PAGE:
Case Studies

Multidisciplinary case studies from the SAGE Research Methods platform give you the chance to broaden your knowledge of the subject area.

Case study 1: ‘Relationship between high school principal leadership styles and student graduation rates: a quantitative research study’, 2014, Laylon Thomas Price

Description: This case study provides an interesting discussion of the assumptions researchers make when they start engaging in a research project and the limitations they face when they actually begin data collection and analysis. The case study highlights the first step in formulating research questions and hypotheses; though not in great detail. The findings of the study highlight the common occurrence of encountering null results and trying to make the best with them.


Case study 2: ‘Behavioral responses to the London July 2005 bombings: making deductions from counterfactual estimation and regression analysis’, 2014, Fynnwin Prager

Description: This case study is a good demonstration of how quantitative research can be used for contemporary problems and assessments. Further, the study highlights how quantitative analysis can be used for counterfactual assessments; moving beyond simple counterfactual theorizing. It also notes the limitations of quantitative analysis due to the availability of data.


Case study 3: ‘The uses and misuses of bivariate correlations: the case of video game violence research’, 2014, Christopher J. Ferguson

Description: This case study provides a good discussion on limitations of correlation analysis for an interesting topic that has gained increasing visibility over the years. The study also highlights the difficulties with measuring complicated concepts, here violence and video game violence, and how our understanding of results it often impacted by measurement of variables.


Case study 4: ‘Crime scene investigators and traumatic event-related stress: a quantitative study’, 2016, Jalika Rivera Waugh

Description: This study represents a good demonstration of exploratory research on an understudy topic or research area. When particular research has not been previously carried out often it is left to the researcher to simply begin with the basics and see if any relationships exist. As this study discusses, our understanding of a topic or question evolves as grows as others begin to add to the exploratory analysis.


Case study 5: ‘Gatekeepers: people who can (and do) stop your research in its tracks’, 2014, Kathy Ahern.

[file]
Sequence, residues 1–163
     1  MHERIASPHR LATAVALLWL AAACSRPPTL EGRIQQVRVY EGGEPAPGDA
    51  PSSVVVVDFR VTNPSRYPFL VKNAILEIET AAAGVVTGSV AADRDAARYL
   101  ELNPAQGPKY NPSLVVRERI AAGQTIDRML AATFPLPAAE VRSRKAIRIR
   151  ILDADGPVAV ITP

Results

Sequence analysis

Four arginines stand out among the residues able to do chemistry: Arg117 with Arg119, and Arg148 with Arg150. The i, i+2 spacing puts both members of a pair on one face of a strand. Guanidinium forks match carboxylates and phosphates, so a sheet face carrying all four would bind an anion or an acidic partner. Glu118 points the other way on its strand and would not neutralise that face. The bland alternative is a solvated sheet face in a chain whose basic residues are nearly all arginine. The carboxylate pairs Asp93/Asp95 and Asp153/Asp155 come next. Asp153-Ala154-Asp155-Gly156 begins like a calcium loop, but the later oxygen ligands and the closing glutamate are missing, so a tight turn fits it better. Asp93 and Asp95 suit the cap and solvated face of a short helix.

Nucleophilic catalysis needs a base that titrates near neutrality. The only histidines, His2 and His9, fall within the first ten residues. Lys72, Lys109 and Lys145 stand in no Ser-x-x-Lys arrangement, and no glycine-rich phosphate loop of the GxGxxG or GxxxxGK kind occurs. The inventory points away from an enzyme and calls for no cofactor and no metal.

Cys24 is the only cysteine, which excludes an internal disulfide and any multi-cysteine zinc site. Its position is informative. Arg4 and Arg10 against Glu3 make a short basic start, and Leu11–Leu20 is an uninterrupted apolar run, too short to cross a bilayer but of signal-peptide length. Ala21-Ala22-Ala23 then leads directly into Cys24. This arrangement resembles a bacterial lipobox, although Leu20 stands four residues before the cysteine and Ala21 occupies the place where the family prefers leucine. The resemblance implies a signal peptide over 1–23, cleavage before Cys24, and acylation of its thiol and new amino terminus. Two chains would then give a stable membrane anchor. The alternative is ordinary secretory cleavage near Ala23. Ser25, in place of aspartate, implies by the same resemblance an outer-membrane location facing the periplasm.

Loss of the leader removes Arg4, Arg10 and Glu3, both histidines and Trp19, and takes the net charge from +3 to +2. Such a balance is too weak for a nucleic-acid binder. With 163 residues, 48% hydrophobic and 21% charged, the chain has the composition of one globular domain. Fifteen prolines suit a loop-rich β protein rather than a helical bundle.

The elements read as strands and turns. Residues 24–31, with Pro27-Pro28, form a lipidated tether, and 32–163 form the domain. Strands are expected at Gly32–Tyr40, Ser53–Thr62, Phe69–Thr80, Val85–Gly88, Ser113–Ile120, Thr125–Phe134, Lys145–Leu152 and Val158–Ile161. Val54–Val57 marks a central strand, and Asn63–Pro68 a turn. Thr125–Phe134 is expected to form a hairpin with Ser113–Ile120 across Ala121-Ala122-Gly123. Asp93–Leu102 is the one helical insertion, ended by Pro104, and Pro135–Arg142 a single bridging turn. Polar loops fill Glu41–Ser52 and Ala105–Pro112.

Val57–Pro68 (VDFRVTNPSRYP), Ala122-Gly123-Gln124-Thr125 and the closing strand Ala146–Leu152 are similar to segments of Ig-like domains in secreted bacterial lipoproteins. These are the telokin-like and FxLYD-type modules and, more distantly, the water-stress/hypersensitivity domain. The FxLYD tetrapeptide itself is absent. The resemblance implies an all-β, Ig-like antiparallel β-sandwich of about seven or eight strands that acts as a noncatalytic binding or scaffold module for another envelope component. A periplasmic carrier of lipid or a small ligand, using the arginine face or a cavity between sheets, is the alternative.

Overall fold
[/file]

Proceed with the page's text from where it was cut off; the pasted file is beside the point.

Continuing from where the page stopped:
Description: This case study provides an interesting and comprehensive discussion of the challenges with conducting ethical research. Sometimes the roadblocks are warranted and other times they are not. This is a good read for students who are looking to engage in their own data collection, particularly those interested in conducting experiments or surveys.


Case study 6: ‘A quasi-experimental study: using mythbusters to understand research in psychology’, Angela M. Sikorski

Description: This case study provides a unique twist on how to teach students experimental design by involving a contemporary television show as the research mechanism. It also demonstrates the limitations of sample size and selection. It may be better geared for instructors, but it is interesting read for students as well.


Case study 7: ‘Access to dental and health care in a mobile setting: a cross-sectional, quantitative research study’, 2016, Ayana Conway

Description: This case study offers a comprehensive discussion of how field work and surveys are conducted on populations and how analysis is conducted. It also illustrates the use of technology in aiding understanding of surveys, but also the practical lessons one needs to consider when deploying technology.


Case study 8: ‘Secondary data analyses: studying intersections of relationship and gender among caregivers’, 2018, Neena Chappell

Description: This case study provides a good story of the challenges and intricacies that arise in trying to publish articles in peer-reviewed journals. This is a good read for students and others who are starting out trying to publish studies.


Case study 9: ‘The development of alcohol consumption patterns and violent behaviour among young people in England and Wales: secondary analysis of the offending crime and justice survey’, 2014, Carly Lightowlers and Mark Elliot

Description: This case study presents a solid discussion of the merits of using secondary data and how compiling and utilizing secondary data is achieved. Though advanced methods are discussed in the study, the description of the analysis is relatively easy to follow. The study also highlights the problems with using self-reported survey data and the limitations this presents to researchers.


Case study 10: ‘Using register data in the social sciences’, 2014, Dimitri Mortelmans and Inge Pasteels

Description: This is an excellent discussion of the promises and pitfalls associated with using administrative data. We are told that data is everywhere, but being to access and analyse existing data is more difficult than it has been made out to appear. This is a good read for students interested in using government and agency data for their own research.